Understanding Audit Opinion Reports
When you’re feeling ill and find yourself at any doctor’s office or walk-in clinic, what are you looking for? Usually, it’s some sort of relief from whatever ailment you’re suffering from, whether it be a headache, a stomachache, or a broken arm. You’re searching for outside advice about what might be wrong internally, and any doctor is more than willing to give you their professional assessment of your condition.
It might surprise you to learn that audit groups also submit professional opinions that are vital to the health of the businesses that they work with. Audit opinions are imperative for companies for many reasons, including accurately presenting a business to possible investors, as well as protecting your company from possible fraud.
Before we get to the many important aspects of the audit opinion report, we first need to determine what an audit opinion truly is.
What Is an Audit Opinion Report?
An audit opinion is an educated assessment of a business’s financial records as it relates to accuracy and legality. It ends up as a certification that accompanies financial statements and helps investors gain a full picture of an organization’s financial condition. It can also help to maintain the integrity of the audit since the opinion report must match up with what is found among the financial documents.
Audit reports are usually made up of six key components, to wit:
- A title that includes some sort of reference to the fact that the financial records were audited independently to rule out the possibility of bias
- An introductory paragraph that covers the time of the audit, as well as the type
- A “scope” paragraph, which essentially outlines the guidelines and rules used by the auditor during the process (this ensures that the auditor present used the correct procedures when making his or her assessment)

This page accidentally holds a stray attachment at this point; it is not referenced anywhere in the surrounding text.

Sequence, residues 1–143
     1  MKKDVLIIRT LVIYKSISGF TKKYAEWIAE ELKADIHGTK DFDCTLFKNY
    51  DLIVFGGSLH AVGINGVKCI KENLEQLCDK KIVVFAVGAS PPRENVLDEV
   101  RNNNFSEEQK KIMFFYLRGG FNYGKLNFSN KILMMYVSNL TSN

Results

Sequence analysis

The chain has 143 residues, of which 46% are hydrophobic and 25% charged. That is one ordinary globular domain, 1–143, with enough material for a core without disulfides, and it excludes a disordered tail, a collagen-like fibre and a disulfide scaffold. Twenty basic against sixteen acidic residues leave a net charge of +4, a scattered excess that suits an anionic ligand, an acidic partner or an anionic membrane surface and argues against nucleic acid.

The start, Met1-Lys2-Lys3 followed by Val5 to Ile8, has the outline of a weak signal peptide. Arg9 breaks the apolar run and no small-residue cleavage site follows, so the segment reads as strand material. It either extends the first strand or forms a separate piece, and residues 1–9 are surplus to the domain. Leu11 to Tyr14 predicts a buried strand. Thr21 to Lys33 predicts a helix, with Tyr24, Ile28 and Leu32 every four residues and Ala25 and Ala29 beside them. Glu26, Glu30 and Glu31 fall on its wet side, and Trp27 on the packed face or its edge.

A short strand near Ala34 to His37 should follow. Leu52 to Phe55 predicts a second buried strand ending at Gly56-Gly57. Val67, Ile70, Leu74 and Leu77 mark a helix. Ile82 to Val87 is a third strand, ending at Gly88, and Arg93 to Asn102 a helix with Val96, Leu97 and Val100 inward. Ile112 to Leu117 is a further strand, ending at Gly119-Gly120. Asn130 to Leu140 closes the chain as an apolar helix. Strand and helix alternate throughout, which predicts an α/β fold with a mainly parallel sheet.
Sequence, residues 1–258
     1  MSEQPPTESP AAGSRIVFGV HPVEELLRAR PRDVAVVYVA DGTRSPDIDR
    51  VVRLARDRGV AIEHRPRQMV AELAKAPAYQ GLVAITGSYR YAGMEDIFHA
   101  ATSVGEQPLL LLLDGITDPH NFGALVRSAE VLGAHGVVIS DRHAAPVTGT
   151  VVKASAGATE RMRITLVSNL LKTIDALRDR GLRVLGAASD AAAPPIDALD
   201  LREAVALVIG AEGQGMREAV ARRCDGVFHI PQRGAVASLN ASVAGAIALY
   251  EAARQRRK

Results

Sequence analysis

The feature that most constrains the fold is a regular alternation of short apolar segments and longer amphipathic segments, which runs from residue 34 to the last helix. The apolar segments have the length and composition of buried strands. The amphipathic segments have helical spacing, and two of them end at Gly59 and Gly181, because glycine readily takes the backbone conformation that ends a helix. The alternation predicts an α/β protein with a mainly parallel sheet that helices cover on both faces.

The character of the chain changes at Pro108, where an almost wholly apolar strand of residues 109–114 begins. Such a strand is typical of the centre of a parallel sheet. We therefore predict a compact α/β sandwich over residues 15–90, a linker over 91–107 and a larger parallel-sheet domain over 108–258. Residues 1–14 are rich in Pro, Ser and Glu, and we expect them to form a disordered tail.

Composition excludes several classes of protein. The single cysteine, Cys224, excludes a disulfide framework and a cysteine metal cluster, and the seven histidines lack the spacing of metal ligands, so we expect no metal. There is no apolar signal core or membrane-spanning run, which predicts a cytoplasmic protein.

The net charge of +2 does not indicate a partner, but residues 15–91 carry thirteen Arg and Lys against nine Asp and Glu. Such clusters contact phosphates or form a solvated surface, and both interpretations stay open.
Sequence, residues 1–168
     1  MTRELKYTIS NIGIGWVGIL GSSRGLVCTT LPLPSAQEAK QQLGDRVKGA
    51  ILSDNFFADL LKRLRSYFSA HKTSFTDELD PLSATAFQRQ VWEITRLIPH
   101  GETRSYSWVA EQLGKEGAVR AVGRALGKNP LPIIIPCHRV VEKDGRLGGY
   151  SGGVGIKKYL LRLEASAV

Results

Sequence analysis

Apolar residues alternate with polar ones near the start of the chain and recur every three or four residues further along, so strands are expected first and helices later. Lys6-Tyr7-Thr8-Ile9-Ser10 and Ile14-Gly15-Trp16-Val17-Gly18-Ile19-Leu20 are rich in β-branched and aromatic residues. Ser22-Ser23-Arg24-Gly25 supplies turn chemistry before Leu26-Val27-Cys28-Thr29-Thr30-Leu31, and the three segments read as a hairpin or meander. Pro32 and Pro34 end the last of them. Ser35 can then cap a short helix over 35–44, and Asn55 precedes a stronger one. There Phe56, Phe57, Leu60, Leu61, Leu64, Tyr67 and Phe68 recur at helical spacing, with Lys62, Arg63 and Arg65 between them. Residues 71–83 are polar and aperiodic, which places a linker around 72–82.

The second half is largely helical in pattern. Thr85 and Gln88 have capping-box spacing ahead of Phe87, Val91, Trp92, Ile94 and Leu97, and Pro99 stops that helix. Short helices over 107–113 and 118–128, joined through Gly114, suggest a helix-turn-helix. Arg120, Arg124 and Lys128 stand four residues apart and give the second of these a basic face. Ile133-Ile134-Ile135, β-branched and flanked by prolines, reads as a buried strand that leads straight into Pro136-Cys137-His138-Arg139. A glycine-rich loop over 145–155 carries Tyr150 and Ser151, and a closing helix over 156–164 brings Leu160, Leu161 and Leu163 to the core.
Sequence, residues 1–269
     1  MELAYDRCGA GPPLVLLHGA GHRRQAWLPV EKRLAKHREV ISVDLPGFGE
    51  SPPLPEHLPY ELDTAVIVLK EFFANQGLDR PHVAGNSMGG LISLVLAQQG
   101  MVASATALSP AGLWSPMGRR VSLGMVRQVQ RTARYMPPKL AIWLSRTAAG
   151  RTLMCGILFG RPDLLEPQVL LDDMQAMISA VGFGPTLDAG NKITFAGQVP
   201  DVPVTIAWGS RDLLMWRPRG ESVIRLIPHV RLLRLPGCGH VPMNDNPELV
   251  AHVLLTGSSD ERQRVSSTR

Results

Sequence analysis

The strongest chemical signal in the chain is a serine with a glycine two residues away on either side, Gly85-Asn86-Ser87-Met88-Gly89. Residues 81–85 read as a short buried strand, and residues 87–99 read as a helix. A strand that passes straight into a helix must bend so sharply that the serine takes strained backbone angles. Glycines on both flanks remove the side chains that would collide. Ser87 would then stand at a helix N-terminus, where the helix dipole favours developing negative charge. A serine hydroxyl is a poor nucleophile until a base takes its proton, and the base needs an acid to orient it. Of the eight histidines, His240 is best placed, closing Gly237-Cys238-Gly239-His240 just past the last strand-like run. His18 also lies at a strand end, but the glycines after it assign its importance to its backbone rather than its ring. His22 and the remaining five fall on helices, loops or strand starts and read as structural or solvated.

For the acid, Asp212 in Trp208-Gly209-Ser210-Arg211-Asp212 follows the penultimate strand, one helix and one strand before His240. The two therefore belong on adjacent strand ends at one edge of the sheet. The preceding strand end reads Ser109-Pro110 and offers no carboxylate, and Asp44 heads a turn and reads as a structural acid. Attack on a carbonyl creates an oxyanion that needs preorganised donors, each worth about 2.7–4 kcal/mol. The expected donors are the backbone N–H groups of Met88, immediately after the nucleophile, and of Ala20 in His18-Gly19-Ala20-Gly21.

- The audit opinion paragraph in which the audit is assigned one of the type categories explained below
- The auditor’s name
- And the auditor’s signature.
Now that the general idea of an audit opinion report has been defined and explained, we can now dive into the different types of audit opinions that exist.
Different Types of Audit Opinions
There are four main types of audit opinions that can be filed as opinion reports. Each of these opinion categories signifies official financial rulings used by internal and external investors to make advanced business decisions. The four types include unqualified opinions, qualified opinions, disclaimer of opinion, and adverse opinions.
This type of opinion is what’s known as a “clean report”. This is the kind of report that your company will want to receive since it signifies that your CPA couldn’t find any misinformation or violations within your company’s financial information. After finding no misstatements within the financial materials presented, both the company and auditor can be perceived as following the appropriate laws and can continue running smoothly.